Can’t remember how, now, but first contact was with Gordy’s “people,” in this case a nice woman who explained that Gordy generally doesn’t do interviews. For one thing, he doesn’t like to be asked about Elvis Presley. I’ve known a few former Elvis sidemen who tend to protect him; others, of course, milk their association. I can appreciate either point of view, but assured the woman that I had no interest in talking about Elvis; I wanted to talk about Liberace.
Within a day, she got back to me: Emory would love to talk about Liberace; it’s a credit significant to his career, and one he’s really proud of. Also, I suspect, one most people don’t ask him about. It turned out that Gordy’s mother had been a Liberace fan, and she considered this credit to be a significant step on her son’s road to respectability. We had a lovely talk. I got my “serious” article about Liberace, and turned in the liner notes without comment from the Chief.
The album was released, and life went on. Though I didn’t get any further assignments from The Chief, who shifted his business elsewhere — to a friend of mine, who once confessed about one middle-of-the-road project “I don’t know why I’m doing this; you’d have been much better suited.”
Eventually, I did get The Chief on the phone. This was a Big Deal, as he was pretty uncommunicative under the best of circumstances. “Why,” I asked, “aren’t you using me any more?”
“You know those Liberace notes?”
“They weren’t very funny.”
Liberace: A Brand New Me
By the time he signed to Warner Bros. Records in 1969, Liberace had long achieved world renown. He’d had his first hit single in 1952; and a long-running television series began at about the same time. He’d headlined at Carnegie Hall, Madison Square Garden, and the Hollywood Bowl. In 1955, he became the highest-paid performer in Las Vegas history when he opened the Riviera Hotel for $50,000 per week. He’d starred in a movie (“Sincerely Yours”), and authored volumes including a cookbook and an autobiography. He’d toured the world, performed multiple Royal Command Performances in London, and hosted his own television series in the United Kingdom.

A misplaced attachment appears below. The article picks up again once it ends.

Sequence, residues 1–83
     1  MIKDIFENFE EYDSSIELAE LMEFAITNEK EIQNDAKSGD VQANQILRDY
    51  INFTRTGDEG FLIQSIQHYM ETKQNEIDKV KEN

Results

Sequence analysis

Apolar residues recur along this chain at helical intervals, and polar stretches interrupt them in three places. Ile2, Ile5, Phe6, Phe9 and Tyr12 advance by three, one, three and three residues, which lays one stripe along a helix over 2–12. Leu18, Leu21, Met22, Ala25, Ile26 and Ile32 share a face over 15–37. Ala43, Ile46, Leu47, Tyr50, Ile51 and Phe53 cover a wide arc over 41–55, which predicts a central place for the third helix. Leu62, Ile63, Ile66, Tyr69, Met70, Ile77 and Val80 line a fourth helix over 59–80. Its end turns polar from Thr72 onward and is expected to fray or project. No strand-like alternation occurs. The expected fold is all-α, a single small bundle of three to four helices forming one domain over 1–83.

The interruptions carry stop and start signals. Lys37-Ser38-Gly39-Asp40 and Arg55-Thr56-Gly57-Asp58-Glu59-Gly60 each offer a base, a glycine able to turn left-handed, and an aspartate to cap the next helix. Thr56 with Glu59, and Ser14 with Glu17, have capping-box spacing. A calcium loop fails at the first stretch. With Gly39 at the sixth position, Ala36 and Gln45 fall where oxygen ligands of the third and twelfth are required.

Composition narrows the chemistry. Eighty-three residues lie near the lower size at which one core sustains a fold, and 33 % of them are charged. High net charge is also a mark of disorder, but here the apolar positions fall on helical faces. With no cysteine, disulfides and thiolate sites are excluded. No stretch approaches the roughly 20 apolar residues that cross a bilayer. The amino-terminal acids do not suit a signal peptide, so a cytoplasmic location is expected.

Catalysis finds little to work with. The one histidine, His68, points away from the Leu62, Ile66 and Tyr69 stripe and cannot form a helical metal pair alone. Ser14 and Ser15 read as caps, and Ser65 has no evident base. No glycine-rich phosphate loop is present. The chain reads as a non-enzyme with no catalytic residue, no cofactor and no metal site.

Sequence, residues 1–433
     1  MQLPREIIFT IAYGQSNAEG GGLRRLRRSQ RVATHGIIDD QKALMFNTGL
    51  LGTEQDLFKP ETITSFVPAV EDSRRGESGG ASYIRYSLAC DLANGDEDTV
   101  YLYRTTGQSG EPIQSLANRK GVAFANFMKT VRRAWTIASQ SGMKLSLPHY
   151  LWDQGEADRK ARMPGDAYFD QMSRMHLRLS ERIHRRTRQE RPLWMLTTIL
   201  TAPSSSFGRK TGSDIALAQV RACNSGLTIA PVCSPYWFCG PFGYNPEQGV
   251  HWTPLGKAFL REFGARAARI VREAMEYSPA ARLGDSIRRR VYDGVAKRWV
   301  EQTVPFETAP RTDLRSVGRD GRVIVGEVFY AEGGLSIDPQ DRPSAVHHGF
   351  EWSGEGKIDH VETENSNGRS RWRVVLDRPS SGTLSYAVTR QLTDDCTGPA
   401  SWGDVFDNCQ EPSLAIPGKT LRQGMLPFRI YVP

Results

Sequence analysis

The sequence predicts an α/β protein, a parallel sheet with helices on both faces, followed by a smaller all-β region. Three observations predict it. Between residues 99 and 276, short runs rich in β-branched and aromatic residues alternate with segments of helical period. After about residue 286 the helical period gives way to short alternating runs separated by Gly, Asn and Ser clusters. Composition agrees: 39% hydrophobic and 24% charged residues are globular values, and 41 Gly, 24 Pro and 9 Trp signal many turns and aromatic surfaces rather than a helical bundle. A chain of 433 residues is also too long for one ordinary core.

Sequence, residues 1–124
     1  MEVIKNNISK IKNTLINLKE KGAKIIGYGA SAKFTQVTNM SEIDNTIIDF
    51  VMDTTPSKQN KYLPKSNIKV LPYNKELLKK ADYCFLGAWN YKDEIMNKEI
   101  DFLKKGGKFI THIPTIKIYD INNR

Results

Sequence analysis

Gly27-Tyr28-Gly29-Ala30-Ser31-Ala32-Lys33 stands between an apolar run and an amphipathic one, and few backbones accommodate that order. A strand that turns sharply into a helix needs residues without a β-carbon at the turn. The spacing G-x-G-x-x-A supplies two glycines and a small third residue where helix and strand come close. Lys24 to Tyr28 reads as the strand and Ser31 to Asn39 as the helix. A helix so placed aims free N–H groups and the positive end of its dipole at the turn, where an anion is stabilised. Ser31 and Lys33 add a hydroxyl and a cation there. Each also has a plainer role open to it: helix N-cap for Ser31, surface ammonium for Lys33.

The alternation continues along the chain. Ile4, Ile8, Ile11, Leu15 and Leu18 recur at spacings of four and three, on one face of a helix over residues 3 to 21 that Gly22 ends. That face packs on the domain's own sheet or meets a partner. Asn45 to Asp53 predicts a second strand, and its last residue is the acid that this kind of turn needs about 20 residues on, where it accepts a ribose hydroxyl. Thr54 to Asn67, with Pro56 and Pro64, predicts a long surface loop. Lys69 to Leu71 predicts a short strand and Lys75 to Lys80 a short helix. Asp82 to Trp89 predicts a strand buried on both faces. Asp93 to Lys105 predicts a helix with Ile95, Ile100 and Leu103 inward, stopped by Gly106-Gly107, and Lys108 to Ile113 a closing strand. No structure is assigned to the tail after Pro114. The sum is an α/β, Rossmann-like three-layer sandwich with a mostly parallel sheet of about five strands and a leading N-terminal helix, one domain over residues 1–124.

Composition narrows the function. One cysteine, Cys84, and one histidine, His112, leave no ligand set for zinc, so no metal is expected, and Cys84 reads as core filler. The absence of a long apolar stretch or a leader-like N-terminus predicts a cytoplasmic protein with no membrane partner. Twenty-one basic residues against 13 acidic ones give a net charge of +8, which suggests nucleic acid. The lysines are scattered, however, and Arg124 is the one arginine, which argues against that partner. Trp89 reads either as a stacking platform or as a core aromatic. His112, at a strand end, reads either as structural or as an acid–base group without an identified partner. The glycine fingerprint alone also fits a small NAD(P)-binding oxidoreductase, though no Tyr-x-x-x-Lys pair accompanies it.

All of this is even more remarkable in that Liberace was a pianist – not a singer – whose repertoire was largely drawn from concert classics by composers including Liszt, Chopin and Tchaikovsky, albeit often in punchy “‘Reader’s Digest’ versions.”
Liberace was dubbed “Mr. Showmanship,” and it was a title difficult to challenge. His stage costumes ranged from a comparatively sedate set of white tails (“So they could see me in the back row”); to a gold lame jacket that would inspire Elvis Presley to commission an entire suit of the same material; to dazzling outfits festooned with jewels, fathers and expensive fur. He’d make his stage entrance stepping out of a Rolls-Royce, and for a while played a legless, transparent “flying” piano, suspended by thin wires.
He was also a charming host, with a winningly self-deprecating sense of humor playing off his ostentatious dress – a combination not lost, no doubt, on young Dolly Parton as she grew up in Tennessee.
But all that aside, Liberace was a serious musician, who’d studied piano from the age of 4, appeared with the Chicago Symphony as a teenager, and attended college on a music scholarship on the recommendation of concert music superstar [Ignacy Jan] Paderewski..
Of course, he’d also accompanied silent movies in his native Wisconsin, and was playing honky-tonk piano in saloons for pay while continuing his classical studies.
* * *
Warner Bros. Records had started with a roster of easy-listening artists, but by 1969 had (with its associated Reprise label) become the home to leading-edge pop acts including Peter, Paul & Mary, Petula Clark, Mason Williams, the Association and Harpers Bizarre; and rockers including the Grateful Dead, Van Morrison and Jimi Hendrix. Somewhere in there was Tiny Tim. In that context, Liberace sounded like an interesting fit.
His manager, Seymour Heller, wanted to broaden Liberace’s appeal, without losing his core audience. The pianist had always included non-classical tunes in his act – his first hit singles included versions of the already-standard “September Song” and the venerable Dixieland number “Twelfth Street Rag” – but this was to be an album of contemporary material, though with the characteristically florid Liberace touch.
Signed as producer was Ed Cobb, a Heller associate who had risen to fame as one of the Four Preps vocal group and had gone on to produce rock acts The Standells and The Chocolate Watch Band; and was behind such more soulful, pop-oriented hits as Ketty Lester’s “Love Letters,” Brenda Holloway’s “Every Little Bit Hurts,” and Gloria Jones’s “Tainted Love.”
The band Cobb assembled for Liberace’s first Warner Bros. sessions was young, and with a background in rock and roll and Southern soul: guitarist Barry Bailey, bassist-arranger Emory Gordy Jr. , drummer Dennis St. John and percussionist Joe Correro from Atlanta; and keyboard player “Spooner” Oldham from Memphis. Also on board was guitarist Larry Collins, the Oklahoma-born, Los Angeles-raised guitar-playing half of the ‘50s teen country music act, the Collins Kids.